U.S. Surgeon General Regina M. Benjamin said on Wednesday at Northeastern that health-care reform hinges on preventing disease and promoting wellness.
“We have to make prevention part of everyday life,” she explained, noting that heart attacks result in some 800,000 deaths each year. “We need to stop disease before it ever starts.”
Benjamin received a standing ovation prior to addressing approximately 100 health-care stakeholders who filled the Curry Student Center Ballroom on Wednesday morning for a meeting with America’s doctor.
The event — which was organized by the Executive Office of Health and Human Services of the Commonwealth of Massachusetts — focused on examining the National Prevention Strategy, a cross-sector plan designed by the National Prevention, Health Promotion and Public Health Council to increase the number of healthy Americans.
The strategy calls for empowering people, eliminating health disparities and building safe and healthy community environments.
“Health reform does not take place in a doctor’s office,” said Benjamin, who chairs the public health council. “It occurs where we live, work, play and pray.”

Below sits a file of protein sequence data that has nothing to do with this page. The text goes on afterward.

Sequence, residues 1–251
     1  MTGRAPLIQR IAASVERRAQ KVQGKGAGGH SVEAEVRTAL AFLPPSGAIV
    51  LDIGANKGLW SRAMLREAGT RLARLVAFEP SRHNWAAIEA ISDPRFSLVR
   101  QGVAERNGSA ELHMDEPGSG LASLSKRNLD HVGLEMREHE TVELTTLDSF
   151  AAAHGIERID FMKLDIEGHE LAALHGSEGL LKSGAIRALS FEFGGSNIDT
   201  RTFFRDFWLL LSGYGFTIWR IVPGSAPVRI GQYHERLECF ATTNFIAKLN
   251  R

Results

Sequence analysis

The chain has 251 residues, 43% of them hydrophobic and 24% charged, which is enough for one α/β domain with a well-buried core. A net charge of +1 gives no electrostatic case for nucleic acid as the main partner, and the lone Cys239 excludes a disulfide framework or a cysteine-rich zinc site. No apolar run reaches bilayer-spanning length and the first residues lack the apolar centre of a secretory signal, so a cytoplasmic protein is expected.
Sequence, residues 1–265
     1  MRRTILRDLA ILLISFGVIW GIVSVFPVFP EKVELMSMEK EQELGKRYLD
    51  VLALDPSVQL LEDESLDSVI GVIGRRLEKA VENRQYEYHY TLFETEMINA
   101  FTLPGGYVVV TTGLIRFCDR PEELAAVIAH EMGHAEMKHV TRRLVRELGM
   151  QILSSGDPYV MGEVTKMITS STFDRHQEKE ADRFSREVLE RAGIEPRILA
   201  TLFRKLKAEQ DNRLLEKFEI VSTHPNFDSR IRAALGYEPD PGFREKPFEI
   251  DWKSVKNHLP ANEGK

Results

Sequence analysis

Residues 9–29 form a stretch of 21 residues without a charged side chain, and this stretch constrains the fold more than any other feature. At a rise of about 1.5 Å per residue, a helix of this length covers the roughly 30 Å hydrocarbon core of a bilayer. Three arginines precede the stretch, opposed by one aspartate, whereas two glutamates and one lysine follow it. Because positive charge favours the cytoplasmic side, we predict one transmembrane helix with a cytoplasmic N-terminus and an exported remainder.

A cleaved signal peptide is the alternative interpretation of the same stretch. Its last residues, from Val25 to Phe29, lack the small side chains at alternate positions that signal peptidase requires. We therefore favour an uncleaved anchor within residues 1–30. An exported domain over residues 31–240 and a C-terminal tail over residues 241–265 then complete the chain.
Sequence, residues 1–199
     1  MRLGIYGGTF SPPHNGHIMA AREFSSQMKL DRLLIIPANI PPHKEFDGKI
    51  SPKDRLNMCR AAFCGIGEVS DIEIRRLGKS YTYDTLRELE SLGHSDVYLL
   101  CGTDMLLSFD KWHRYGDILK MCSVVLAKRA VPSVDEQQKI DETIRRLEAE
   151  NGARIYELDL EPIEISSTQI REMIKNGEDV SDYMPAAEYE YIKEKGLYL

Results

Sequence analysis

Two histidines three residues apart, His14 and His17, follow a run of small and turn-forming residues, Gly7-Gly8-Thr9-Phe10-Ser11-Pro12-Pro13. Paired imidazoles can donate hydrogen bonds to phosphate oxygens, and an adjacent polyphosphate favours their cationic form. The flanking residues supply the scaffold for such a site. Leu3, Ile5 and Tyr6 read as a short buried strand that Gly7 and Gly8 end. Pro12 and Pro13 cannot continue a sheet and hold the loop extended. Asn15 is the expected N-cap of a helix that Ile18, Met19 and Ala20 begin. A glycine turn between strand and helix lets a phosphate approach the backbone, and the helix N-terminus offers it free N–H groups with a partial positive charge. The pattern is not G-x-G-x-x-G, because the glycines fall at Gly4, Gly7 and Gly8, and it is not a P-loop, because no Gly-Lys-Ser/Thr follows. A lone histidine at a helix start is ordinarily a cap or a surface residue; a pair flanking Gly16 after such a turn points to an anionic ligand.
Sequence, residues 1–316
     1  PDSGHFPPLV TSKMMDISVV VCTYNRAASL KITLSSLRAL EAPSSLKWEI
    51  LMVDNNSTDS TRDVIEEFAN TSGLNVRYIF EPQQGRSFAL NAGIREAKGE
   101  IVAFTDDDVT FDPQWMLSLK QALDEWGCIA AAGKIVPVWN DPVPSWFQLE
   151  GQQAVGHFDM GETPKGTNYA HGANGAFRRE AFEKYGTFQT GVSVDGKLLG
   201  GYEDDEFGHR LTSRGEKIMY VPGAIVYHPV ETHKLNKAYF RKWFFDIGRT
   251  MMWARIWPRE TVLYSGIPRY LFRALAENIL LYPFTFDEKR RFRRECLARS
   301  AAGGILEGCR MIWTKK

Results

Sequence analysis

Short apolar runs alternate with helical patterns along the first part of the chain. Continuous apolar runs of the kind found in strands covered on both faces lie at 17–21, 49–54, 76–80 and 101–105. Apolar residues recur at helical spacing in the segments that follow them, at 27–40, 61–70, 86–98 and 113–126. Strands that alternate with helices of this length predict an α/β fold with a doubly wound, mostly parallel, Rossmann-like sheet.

The event dovetailed with Northeastern’s focus on use-inspired research that solves global challenges in health, security and sustainability. Terry Fulmer, dean of the Bouvé College of Health Sciences, touted Northeastern’s commitment to urban engagement and community health outreach.
Health sciences students, she said, have partnered with lawyers, engineers and business leaders through co-op and other experiential-learning opportunities as part of the college’s goal of “grounding students in the real world of professional practice.”
Massachusetts Gov. Deval Patrick — who was introduced as a “true champion of health and wellness” — called health a “public good.”
“We all have a stake in each other’s access to affordable care,” Patrick said. “Prevention,” he added, “is a key feature in containing health-care costs.”
Patrick praised the state’s health-care insurance reform law, which was enacted in 2006 and now covers 98 percent of its residents, including 99.8 percent of children.
Massachusetts patients, he said, “no longer fear that a serious illness will leave them bankrupt.”
Sandra Henriquez, the assistant secretary for Public and Indian Housing in the U.S. Department of Housing and Urban Development, highlighted the importance of living in a safe and economically stable neighborhood with good schools, job opportunities and access to healthy and affordable food.
“Life expectancy, education attainment and income levels are based on your zip code,” she explained. “This needs to end.”